Ichthyophthyriosis is a disease of many freshwater fish caused by ciliated infusoria — Ichthyophthirius multifiliis. Affects the skin, gills of fish. Cases of mass death of fish are not uncommon.
The disease is especially dangerous in confined spaces, where it spreads rapidly from one fish to another. "Ichthyosis" is a disease that causes the majority of aquarium fish to die, can cause noticeable damage to aquatic culture. The marine "ichthyic" is a consequence of the activity of another ciliated infusoria, Cryptocaryon.
Infusoria "ichthyophthyrius" is the most common of the protozoa that parasitize fish. Adult infusoria vary in shape from oval to circle and in size from 0,5 to 1 mm, are covered with bristles and contain a nucleus in the shape of a horse's hoof.
Ichthyophthyroid invasion is usually noticeable in the form of white dots on the side and fins of the fish. Fish can also behave unusually, for example, rubbing against various objects. These white dots are pockets of fish epithelium containing ichthyophthyrius cells called trophozoites or trophonts, which feed on host tissues and can grow up to 1 mm in diameter.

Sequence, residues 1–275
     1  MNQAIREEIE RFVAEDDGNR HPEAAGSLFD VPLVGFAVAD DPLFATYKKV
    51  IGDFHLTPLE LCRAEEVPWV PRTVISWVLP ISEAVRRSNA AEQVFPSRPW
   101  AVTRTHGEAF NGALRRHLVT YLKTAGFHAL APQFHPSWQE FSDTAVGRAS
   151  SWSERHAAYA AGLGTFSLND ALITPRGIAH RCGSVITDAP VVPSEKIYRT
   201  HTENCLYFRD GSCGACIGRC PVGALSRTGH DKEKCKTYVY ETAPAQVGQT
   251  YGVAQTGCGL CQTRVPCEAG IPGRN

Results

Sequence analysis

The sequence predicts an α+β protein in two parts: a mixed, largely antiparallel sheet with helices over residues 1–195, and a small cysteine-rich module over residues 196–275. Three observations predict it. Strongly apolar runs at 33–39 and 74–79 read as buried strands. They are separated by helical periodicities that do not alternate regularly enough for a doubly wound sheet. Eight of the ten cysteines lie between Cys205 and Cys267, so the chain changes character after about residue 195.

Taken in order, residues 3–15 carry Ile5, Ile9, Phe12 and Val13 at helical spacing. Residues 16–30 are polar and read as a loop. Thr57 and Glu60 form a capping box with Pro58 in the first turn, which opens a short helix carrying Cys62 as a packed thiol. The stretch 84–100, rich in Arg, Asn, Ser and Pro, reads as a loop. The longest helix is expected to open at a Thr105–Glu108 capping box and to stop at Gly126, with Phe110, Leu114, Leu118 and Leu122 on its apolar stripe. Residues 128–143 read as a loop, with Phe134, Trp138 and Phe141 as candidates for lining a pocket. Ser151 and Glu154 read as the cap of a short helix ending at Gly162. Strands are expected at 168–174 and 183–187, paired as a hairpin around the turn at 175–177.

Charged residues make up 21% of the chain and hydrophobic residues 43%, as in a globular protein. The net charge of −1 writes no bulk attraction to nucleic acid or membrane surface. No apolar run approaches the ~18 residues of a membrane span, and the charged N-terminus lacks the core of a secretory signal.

After about one week of parasitism, the adult trophozoite leaves the host, settles to the bottom and secretes a cyst. A cell in the cyst, called a tomont, undergoes rapid division within about 24 hours and produces 600-1000 daughter cells called tomites. As soon as they mature, they leave the cyst and develop into a theron (vagrant), which is very mobile. Theronts then infect new fish by burrowing into the outer parts, under the scales or, most often, into the gill plates. The full development cycle usually takes from 7 to 10 days.